Another heavyweight contributor to the Application Store’s national rollout is Orange County, Calif. Assessor Webster Guillory — head of NACo’s Essential County Technology Subcommittee — will help create a governance structure for the national initiative and look at submitted applications to see which can be rolled out nationally. Guillory has been lobbying NACo for more than a decade to launch such an initiative, said Jarreau.

Guillory has a reputation for big shared services projects: He launched a California county assessor’s shared services project to standardize records, centralize management and reduce costs. The Standard Data Record project currently enrolls 40 of California’s 58 counties and reduced annual costs for members by up to $60,000 each.

Maricopa County, Ariz., which deployed kiosks for recorders after three years of development, could be another system worth borrowing. “We should be able to learn from what other people did so that we can replicate it and get it done faster,” Guillory said. “The county has a great kiosk, and I say, ‘Don’t start from ground zero. Why don’t you start on the shoulders of Maricopa County? Why don’t you start on the shoulders of the California assessors? Start above ground zero.’”

First Date

Many counties, however, aren’t yet ready to offer services or subscribe to them, so NACo is urging them to do what online dating sites do: Fill out a form about themselves, say what they are seeking in a partner and start getting acquainted. Information on applications, contacts and other resources will be available through ad hoc searches.

Launching in July, the Application Store will be accessible with a single sign-on from NACo and will be available to any county — NACo membership isn’t required. Vendors won’t be allowed to access the store, so jurisdictions looking for a particular application shouldn’t be inundated by sales calls. Private-sector partners may be included, however, as the store is piloted and expands.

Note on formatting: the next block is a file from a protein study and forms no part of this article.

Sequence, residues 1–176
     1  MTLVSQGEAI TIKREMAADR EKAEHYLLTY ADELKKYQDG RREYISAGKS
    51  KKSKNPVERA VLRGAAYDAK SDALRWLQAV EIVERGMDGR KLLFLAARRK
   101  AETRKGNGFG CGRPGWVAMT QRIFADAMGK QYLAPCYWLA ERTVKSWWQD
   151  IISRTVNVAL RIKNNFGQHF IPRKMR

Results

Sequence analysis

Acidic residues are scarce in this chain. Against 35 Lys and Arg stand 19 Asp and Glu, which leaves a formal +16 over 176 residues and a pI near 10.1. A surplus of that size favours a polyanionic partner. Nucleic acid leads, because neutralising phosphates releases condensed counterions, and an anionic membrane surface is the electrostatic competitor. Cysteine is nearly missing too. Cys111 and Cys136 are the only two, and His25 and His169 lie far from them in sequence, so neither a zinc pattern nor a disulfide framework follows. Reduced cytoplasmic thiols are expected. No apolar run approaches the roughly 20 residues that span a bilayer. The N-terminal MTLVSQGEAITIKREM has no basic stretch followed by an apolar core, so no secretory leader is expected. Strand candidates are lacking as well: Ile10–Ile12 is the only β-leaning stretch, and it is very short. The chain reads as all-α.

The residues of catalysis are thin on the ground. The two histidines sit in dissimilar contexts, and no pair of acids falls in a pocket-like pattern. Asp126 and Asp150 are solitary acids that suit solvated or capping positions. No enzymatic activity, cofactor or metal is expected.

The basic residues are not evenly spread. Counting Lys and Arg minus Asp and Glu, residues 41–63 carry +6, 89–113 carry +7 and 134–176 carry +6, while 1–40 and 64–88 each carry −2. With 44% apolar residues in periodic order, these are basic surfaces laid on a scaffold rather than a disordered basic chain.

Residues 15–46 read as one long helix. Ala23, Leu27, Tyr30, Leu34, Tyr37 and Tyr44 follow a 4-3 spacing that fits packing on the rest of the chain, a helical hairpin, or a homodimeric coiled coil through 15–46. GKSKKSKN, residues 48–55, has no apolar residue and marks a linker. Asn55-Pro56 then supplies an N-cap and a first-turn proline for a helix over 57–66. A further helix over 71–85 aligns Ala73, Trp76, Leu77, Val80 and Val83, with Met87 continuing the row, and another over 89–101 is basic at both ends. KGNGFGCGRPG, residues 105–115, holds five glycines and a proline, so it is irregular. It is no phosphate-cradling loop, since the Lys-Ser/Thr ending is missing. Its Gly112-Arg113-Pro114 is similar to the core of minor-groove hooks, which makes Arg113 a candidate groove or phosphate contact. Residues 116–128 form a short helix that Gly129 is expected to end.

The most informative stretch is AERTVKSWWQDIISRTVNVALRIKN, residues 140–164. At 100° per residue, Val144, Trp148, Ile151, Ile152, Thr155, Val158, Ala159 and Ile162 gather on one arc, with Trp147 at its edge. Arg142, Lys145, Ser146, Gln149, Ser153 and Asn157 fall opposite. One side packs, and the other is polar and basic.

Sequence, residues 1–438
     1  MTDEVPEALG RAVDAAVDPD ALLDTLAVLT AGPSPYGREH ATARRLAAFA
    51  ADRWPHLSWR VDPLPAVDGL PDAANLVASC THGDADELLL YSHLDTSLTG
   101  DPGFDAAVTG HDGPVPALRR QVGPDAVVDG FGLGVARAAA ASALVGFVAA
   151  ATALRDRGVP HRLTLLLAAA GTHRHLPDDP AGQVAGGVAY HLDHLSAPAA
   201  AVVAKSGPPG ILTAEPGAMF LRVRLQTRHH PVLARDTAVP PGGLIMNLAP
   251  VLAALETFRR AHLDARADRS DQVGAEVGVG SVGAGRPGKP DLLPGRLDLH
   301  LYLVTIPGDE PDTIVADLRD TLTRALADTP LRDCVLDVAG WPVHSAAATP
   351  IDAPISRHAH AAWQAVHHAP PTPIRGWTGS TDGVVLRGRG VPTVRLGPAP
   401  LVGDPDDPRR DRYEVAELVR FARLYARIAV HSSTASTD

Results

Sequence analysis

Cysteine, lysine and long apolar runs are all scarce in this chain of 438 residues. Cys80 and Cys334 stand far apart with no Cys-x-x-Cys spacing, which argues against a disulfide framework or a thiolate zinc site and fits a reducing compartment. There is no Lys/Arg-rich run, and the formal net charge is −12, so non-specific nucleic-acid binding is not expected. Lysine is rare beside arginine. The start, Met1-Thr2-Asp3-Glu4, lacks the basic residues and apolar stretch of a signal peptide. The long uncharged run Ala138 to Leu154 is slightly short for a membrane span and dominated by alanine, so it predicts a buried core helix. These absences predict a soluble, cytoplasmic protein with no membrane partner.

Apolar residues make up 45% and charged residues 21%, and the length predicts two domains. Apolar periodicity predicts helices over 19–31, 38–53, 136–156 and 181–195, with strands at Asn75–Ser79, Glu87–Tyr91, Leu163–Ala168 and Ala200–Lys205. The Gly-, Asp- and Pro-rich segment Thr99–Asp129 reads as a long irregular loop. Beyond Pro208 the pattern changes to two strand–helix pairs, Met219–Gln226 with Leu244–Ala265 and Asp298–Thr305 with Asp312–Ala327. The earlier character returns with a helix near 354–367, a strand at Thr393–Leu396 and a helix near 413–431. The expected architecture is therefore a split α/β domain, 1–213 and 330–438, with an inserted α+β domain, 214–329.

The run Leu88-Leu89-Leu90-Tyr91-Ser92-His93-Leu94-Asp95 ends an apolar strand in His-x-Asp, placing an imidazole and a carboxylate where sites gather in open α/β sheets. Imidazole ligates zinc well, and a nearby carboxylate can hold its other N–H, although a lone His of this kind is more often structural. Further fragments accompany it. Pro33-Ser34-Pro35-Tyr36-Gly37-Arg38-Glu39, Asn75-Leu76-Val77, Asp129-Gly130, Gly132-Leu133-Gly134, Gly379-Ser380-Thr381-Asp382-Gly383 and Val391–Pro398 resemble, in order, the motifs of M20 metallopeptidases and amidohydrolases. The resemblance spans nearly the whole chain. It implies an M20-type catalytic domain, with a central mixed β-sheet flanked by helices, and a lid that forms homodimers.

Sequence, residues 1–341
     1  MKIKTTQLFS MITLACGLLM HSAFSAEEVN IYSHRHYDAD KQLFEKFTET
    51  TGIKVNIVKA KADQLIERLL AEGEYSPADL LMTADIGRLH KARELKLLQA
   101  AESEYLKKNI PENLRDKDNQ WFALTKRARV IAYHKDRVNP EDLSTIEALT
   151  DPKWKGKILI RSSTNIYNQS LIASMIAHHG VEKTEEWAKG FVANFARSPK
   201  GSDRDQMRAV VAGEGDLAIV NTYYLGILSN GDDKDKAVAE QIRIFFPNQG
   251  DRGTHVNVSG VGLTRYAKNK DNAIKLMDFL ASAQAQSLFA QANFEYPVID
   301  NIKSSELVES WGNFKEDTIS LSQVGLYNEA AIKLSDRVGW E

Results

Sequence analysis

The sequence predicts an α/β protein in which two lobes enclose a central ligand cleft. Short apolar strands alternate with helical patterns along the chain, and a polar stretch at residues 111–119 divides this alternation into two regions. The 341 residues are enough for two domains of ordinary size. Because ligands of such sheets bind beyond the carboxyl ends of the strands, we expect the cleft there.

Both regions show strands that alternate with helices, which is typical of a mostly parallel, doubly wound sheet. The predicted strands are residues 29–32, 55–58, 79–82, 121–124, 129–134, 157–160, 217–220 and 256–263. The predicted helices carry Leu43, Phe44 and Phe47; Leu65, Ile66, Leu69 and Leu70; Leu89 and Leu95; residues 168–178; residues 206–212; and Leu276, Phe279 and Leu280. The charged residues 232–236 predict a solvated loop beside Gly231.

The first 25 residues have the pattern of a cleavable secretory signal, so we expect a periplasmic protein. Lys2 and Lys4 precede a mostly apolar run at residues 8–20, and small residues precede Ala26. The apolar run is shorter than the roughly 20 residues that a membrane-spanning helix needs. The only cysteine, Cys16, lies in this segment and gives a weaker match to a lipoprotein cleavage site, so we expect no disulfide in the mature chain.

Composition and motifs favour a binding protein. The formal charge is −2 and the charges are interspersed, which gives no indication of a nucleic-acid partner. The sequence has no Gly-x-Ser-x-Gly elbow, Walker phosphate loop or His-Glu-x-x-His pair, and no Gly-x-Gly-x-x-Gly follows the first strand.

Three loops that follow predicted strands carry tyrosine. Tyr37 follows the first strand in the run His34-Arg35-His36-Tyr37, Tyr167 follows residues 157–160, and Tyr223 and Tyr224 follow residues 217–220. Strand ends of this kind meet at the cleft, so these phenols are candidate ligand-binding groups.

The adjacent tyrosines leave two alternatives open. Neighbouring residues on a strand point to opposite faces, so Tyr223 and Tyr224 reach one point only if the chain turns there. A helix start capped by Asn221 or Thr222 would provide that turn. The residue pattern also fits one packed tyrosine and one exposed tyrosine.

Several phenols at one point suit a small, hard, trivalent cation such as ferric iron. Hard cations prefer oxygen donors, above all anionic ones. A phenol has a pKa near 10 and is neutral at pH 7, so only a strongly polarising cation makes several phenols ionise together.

The Application Store may initially look like a catalog on one end and a government cloud on the other. But attendees at a recent NACo conference were buzzing about the possibilities. The store, for example, will offer a menu of best practices, RFPs, interlocal agreements and other legal documents that have successfully created and maintained long-term relationships. Why spend months developing an agreement when another county may have one that would work?

Licensing and Procurement

While many of Oakland County’s applications — such as the Health and Human Services Communication Portal and Web suite — are homegrown, some do have licensing implications. Bertolini said the county has worked out how costs could be absorbed through an initial upfront fee or handled through ongoing revenue streams.

In addition, Bertolini told a large group of county officials and technology vendors at NACo’s Legislative Conference that this was an opportunity for vendors to reinvent government procurement processes that companies have long complained about. He challenged the private sector to step up to the plate.

“When we’re developing our cloud,” said Bertolini, “there are proprietary licenses under the systems we’re building. And if I want to use that with others, we have a licensing issue. Potentially there are going to be fees paid to us to use those technologies. It’s time to reinvent the licensing. We need to be more agile in procurement.”

Washtenaw County, Mich., for example, purchased the document management system OnBase in 2007. When the city of Ann Arbor wanted the software, it simply used Washtenaw County’s RFP and just had to pay for additional seats. Ann Arbor CIO Dan Rainey said the city saved time and effort that would have been required to put out an RFP, evaluate the offers and take it to the City Council. Instead, Rainey was given a one-page agreement to become an additional user on Washtenaw County’s license.

Wayne Hanson  |  Staff Writer and Editor of Digital Communities

Wayne E. Hanson has been a writer and editor with e.Republic since 1989, and has worked for several business units including Government Technology magazine, the Center for Digital Government, Governing, and is currently editor and writer for Digital Communities specializing in local government. Hanson was a juror from 1999 to 2004 with the Stockholm Challenge and Global Junior Challenge competitions in information technology and education. He self-published three books of fiction and lives in Sacramento with his wife, Jeannie.